Now I’m thinking about how the platypus is just weird as fuck. But, I love the word platypi, because it’s one of my favorite ways to pluralize words. It just sounds cool, okay? Wikipedia thought otherwise, however.
As it turns out, there is no universally accepted word for “more than one platypus”. Scientists generally use platypuses or just simply platypus to indicate more than one. Wow, I am the fucktard. Oh, wait, hold on just a second. I continue to read, and the article does indeed mention “platypi”. Good, it’s going to agree with me. Reading, reading, reading… Hmmm. Says here that platypi is actually a colloquial term, and is technically Dog Latin. In case you are unfamiliar with the term Dog Latin, let me explain. It is the degradation of genuinely Latin words that are borrowed into English; Fucked up in English by trying to modify them. In other words, it’s like Engrish, except we’re the dumb ones. Or, maybe just me, since I thought it was correct all this time.
Well, remember what I said about dealing a substantial blow to my pride factor? Mang, that shit was tough to read. I have to know if this is the case for my other two pet words.
Let’s break from animals and head for cactus. Yes! Cacti is the most common way to pluralize cactus. Fucking score. In addition to this, it is the grammatically correct way to go about business when following the rules of Botanical Latin. Grammar points, bitches. Disappointment accompanies my joy, however. In following Greek grammar rules, we discover that cactuses and cactoi are the correct terms. Fuck the Greeks. Cactoi does sound pretty cool, but it does not reflect well upon my argument. Cactuses is generally accepted, however, and so is just plain cactus. Man, fuck that. Cacti is the word I will use, and if you don’t use that word, then you will be labeled as a Greek asshole. Is that what you want? Byzantine, fuck thyself.
Okay, I consider the cactus/cacti battle to be won in my favor. A similar result with octopus will leave me at a respectable 2-1, whereas defeat will leave 1-2, and quite shamed.
To quote Wikipedia, “There are three forms of the plural of octopus; namely, octopuses, octopi, and octopodes. Currently, octopuses is the most common form in the UK as well as the US; octopodes is rare, and octopi is often objected to.”
What the fuck? Okay, so octopuses is the most common? That is SHIT! That is a stupid word. If and when I ever hear somebody utter that word, I will… Fuck, I do not know what I will do. Apparently it is correct, but it sounds so wrong. Like the “c-word”. I refuse to use it, and when people say it, I feel quite disturbed at my core. When people say octopuses? Same thing.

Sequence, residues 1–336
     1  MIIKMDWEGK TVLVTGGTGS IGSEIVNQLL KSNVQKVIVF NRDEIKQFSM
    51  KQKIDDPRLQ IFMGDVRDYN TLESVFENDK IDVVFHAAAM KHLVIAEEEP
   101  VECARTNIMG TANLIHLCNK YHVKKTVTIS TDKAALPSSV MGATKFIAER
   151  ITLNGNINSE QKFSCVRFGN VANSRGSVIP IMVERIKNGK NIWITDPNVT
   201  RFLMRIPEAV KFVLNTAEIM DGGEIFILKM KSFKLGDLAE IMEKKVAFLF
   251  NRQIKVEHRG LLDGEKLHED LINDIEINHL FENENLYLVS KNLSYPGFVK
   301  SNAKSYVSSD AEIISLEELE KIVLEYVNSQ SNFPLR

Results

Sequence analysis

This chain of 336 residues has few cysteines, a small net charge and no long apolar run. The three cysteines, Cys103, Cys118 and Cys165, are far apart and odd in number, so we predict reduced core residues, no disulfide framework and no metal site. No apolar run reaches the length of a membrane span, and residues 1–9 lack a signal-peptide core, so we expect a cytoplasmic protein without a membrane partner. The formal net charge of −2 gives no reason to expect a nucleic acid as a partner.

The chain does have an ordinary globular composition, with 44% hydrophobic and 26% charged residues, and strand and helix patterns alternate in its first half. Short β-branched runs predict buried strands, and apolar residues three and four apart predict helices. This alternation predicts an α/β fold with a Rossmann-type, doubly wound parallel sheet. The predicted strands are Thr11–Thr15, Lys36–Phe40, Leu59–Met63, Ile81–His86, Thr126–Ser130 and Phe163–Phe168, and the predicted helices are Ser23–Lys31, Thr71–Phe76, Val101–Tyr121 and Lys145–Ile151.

Tiny victories, me, tiny victories. Alright, it says octopi is in a secure second place, as octopodes is rarely used. However, I think that octopodes is probably more common that octopuses, but whatever. What is truly bothersome is that octopi is objected to; Incredible.
As it turns out, this may be just. To again quote Wikifuckia, “Octopi derives from the mistaken assumption that octōpūs is a second declension Latin noun, which it is not.” Oh shit, I always make that mistake. It’s so easy to get second declension nouns mixed up with first declension nouns, just as in English it’s easy to mistake the hesternal preterit past tense for the prehodiernal absolute-relative past tense. Typical rookie fuck up; my bad.
Technically, the word is Latinized Greek, not Latin. <sarcasm> Whoops. </sarcasm> It is interesting to find, however, that if it were a Latin word, the plural form of octopus would actually be octopedes, much like milipedes or centipedes. Nice.
So, really what is this all about? Am I a pedant? Couldn’t be, I don’t even know what the word means. And that’s the true lesson here: You can’t truly be pedantic if you‘re unfamiliar with the term. Cacti, octopi, and platypi, now and forever